Ridiculous premise? The ridiculous premise of the video is that the economic knowledge of randomly selected individuals about the wealth distribution in this country or even their preferences for what would represent the "ideal" distribution of wealth is any more a basis for making public policy than the ideological ideas of Friedman or Keynes. The grim reality is that the average American knows little or nothing about how micro- or macro-economics work, and even those who have taken these subjects in college have by and large been taught not by economists attempting to expose them to the discipline of economics, but by closet ideologues of one stripe or another attempting to convince them of a particular "economic morality." But that's also the purpose of this video: to make people upset by the particular distribution of wealth shown in the video in order to get them (eventually) to support certain governmental policies or political programs supposedly "designed" to cure those inequities.
2. This video in fact does a disservice to those attempting to understand HOW this particular distribution of wealth has come into existence. By providing no historical context for how this distribution came into existence, the producer of the video has carefully set the stage for anyone with a Nobel Prize in economics and a simplistic view of history to craft a ridiculous answer.
The reality is that the US [and world] economy is so far beyond anything that Marx, or Friedman, or Keynes understood in terms of complexity that we have reached the point at which it is either a non-linear system or a complex adaptive system, both categories of organization and self-organization that share one critical aspect in common: consistent inputs do not lead to consistently predictable outcomes. [For first really primitive primers in what these terms all mean, go here and here and follow the links rather than depend on my interpretations.]
3. This video also serves the interests of the 1% in maintaining the homeostasis of the existing economic distribution. Perhaps it does so (I'd like to think) unwillingly. But the reality is that by limiting itself to a single variable (percentage of wealth owned by a given segment of the population), this video implicitly suggests that there are equally mono-causal solutions available. The reality is ... there aren't. In point of fact, the existence of the so-called "American middle class" may have been a bug rather than a feature in our economic system all along. Most "plans" for helping the poor or re-establishing the "middle class" have--I would argue--more to do with (a) creating new consumer demand and (b) keeping the lower 80% of the population operationally divided into different political camps than they do with actually changing the distribution of wealth.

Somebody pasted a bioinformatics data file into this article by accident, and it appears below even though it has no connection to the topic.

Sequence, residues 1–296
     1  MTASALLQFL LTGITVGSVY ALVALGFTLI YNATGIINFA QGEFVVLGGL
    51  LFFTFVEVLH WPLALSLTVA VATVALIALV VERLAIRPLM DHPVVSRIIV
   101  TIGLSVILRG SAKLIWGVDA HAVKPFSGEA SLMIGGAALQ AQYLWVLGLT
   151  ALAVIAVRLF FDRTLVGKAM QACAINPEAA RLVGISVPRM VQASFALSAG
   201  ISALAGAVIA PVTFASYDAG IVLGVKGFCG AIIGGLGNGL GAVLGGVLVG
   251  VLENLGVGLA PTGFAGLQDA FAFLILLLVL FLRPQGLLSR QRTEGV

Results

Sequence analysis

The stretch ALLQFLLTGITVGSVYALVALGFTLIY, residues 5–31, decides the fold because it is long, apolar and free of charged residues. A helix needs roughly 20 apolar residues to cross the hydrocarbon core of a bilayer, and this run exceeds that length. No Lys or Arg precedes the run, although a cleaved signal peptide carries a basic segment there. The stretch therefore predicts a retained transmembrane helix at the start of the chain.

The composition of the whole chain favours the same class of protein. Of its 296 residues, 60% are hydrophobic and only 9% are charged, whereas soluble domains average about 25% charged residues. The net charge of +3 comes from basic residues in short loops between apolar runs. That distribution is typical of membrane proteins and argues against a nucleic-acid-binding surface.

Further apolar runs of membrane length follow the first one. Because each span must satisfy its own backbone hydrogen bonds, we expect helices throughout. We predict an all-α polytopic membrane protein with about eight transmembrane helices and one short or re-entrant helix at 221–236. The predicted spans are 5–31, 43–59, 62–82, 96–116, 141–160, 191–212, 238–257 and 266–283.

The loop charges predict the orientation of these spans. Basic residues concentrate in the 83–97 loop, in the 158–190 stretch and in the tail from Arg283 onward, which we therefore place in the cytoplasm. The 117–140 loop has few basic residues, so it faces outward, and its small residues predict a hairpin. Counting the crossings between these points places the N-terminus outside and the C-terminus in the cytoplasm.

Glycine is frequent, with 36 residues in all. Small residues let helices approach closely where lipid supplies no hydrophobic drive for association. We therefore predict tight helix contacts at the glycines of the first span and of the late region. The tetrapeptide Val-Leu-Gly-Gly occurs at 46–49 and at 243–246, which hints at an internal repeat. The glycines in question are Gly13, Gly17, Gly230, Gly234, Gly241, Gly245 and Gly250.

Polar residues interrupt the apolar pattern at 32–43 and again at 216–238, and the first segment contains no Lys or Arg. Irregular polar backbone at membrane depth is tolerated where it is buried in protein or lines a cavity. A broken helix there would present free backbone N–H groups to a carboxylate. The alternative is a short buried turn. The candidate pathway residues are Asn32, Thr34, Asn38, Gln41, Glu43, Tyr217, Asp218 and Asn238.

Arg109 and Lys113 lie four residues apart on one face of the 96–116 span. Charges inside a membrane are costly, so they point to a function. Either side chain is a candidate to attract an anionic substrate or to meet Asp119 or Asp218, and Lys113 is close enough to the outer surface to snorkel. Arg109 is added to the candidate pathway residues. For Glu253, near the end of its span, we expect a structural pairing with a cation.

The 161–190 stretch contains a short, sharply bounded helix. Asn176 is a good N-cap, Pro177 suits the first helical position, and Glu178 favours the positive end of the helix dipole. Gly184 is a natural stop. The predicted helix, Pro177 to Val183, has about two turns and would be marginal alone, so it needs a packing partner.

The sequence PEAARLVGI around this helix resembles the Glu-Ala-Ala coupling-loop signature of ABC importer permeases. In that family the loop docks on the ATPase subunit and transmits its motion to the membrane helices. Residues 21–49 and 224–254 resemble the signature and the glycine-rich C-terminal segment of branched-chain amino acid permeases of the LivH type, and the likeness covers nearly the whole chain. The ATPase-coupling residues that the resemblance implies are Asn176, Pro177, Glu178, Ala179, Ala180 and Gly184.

4. As a libertarian I'd also like to point out that mega-corporations and transnational corporations CANNOT exist without government. Their tax breaks, their limited liability, their ability to manipulate markets, their special import/export provisions are all benefits rained down upon them by the same government/corporate elite that so publicly decries their influence. Thus you get the single most heavily corporatized President in American history--Barack Obama--making populist speeches about cutting corporate execs pay and bringing "fairness" to the system in an administration that has seen (a) a health care plan designed to pour more billions of your tax dollars into corporate coffers; (b) a record high number of corporate lobbyists in high governmental positions controlling [you guessed it] government spending; and (c) record-breaking political fundraising among the very corporate elite classes that he sometimes finds it politically expedient to attack in public.
Here's the ironic reality: the greatest success of the 1% has been in convincing the right and left wings of various populist movements [libertarians, the tea party, the occupy movement, the Greens] that they have more in common with this or that sub-class of their corporate overlords than they do with each other.